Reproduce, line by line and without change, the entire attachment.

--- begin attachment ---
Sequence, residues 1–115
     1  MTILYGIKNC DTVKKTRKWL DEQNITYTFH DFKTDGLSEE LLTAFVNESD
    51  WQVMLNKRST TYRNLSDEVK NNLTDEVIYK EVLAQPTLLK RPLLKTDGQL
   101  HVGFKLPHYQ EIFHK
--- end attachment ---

Sequence, residues 1–115
     1  MTILYGIKNC DTVKKTRKWL DEQNITYTFH DFKTDGLSEE LLTAFVNESD
    51  WQVMLNKRST TYRNLSDEVK NNLTDEVIYK EVLAQPTLLK RPLLKTDGQL
   101  HVGFKLPHYQ EIFHK